Genre: J2 non-au
Word count: 2000
Summary: Five years is a long time to wait.
Notes: written for silverbullets, and I hope I did justice to neros_violin's wonderful prompt we were young. A million thank you's to radiophilefor the superfast last minute beta. Title courtesy of The Killers.
waiting on some beautiful boy
Jared’s agent sits across the table from him, prattling on about some project, and Jared only half listens to him, staring down at his plate, chopsticks awkward in his hand and nodding at what seems to be the appropriate times. A neat little row of sushi stares back at him, like a line of colorful cartoon eyes. He’s in the midst of a slim down for a new role and he really could use a fucking hamburger and at least a grocery bag full of fries. Maybe a gallon of chocolate ice cream to wash it all down.
Rain thwacks against the plate glass window, the road outside shiny and slick. Vancouver. Almost a decade of his life spent up here, and more than five years between then and now. Jared’s surprised to find that he’s missed it--the hot summers and cold rainy winters. Gummy bear wars and snowball fights, all of it ridiculous when he thinks back on it. Kid stuff.
The toughest ten years of his life. The best, too.
His agent cuts off mid-sentence and looks to a spot to the left of Jared’s shoulder, his face splitting into a surprised grin a few seconds later. “Well, I’ll be damned,” he starts. “The Winchester brothers: the later years.”
Just then a hand falls on Jared’s shoulder, fingers squeezing tight. Jared follows the line of the guy’s arm, makes it to his elbow and thinks, Jensen. It sends a shot of adrenaline through his system, his stomach hitting the deck and his heart ramping up double time. The hand that he lifts to cover Jensen’s has suddenly gone ice cold and trembles noticeably. If Jensen feels it he doesn’t let on, only stares down at Jared with a smile that’s a bit crooked and more than a little unsure.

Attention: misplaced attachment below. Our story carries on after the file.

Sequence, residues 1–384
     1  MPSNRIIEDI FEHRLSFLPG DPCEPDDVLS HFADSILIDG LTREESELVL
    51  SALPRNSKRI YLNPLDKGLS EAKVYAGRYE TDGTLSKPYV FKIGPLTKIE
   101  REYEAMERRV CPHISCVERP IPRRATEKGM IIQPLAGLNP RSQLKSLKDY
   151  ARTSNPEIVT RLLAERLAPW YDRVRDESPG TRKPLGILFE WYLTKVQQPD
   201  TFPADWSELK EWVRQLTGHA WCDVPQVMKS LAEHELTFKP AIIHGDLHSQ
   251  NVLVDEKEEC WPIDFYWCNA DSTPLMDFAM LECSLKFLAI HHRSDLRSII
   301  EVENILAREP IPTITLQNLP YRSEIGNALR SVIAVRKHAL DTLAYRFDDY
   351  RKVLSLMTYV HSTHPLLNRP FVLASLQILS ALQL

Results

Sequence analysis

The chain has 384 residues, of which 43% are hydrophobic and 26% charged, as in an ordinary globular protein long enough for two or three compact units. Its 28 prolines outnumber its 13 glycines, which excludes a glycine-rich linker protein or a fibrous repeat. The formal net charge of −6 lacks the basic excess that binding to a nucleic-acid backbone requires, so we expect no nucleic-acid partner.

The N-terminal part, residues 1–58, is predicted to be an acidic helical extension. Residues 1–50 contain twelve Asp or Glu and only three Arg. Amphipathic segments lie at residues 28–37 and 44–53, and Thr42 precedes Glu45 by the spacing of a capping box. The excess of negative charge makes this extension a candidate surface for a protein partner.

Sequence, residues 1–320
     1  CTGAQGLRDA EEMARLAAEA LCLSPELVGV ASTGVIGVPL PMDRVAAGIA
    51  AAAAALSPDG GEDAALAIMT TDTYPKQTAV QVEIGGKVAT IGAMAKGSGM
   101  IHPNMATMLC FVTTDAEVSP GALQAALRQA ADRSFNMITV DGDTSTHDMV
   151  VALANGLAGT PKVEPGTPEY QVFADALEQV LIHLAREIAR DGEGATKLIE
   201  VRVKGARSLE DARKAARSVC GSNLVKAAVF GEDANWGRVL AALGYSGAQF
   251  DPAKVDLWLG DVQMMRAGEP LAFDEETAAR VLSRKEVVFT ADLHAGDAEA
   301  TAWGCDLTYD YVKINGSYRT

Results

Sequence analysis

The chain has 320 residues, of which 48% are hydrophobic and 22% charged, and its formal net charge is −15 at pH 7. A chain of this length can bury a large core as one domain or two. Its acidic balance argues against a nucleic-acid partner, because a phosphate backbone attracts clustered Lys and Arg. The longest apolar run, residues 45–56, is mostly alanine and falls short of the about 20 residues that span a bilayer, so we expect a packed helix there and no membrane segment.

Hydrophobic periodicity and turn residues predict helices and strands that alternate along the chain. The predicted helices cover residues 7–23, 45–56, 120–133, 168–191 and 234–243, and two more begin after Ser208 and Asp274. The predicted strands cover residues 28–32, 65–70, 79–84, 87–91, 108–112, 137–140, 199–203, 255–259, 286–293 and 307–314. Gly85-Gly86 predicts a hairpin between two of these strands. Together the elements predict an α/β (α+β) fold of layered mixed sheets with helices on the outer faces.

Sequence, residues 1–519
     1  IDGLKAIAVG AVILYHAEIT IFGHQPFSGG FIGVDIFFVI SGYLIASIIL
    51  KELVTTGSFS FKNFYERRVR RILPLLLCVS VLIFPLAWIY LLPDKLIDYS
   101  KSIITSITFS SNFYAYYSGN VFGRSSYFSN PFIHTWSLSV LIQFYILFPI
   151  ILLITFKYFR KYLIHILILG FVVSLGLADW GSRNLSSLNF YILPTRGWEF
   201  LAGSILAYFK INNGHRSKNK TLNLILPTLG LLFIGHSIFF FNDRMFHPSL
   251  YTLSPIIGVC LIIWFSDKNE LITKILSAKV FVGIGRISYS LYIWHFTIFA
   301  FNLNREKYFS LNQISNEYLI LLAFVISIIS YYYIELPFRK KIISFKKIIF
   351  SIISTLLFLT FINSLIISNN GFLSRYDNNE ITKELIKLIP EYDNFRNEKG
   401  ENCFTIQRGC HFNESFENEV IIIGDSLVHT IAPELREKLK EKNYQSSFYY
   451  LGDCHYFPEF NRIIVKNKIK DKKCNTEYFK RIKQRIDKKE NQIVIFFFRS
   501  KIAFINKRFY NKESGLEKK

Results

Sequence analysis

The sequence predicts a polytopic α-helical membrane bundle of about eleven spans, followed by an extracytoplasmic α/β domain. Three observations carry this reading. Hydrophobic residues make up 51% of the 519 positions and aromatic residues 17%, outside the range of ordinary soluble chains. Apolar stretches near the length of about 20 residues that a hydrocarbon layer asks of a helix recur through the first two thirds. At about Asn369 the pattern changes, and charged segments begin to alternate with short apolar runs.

Jared’s hip catches the table in his rush to stand. Heads start to turn in their direction and someone gasps as something goes clattering loudly to the floor. It’s all background noise to Jared at this point, secondary to Jensen’s barely whispered, “Damn, Jared. It’s good to see you.” A slight twang haunts the edges of Jensen’s words and tells Jared that he’s spent some time down south recently.
It hits Jared like a punch to the gut, all the things he doesn’t know about Jensen anymore, but the hollow feeling eases off when Jensen pulls him into a strong, tight hug. Jensen’s damp, water beaded on the surface of his jacket, his hair plastered to his head, and Jared’s getting wet by association. He shuts his eyes for a second, hands still shaking as they find their rightful place at the center of Jensen’s back. He buries his nose in the crook of Jensen’s neck and breathes in the smell of leather and Jensen’s aftershave, familiar and grounding, even after all this time.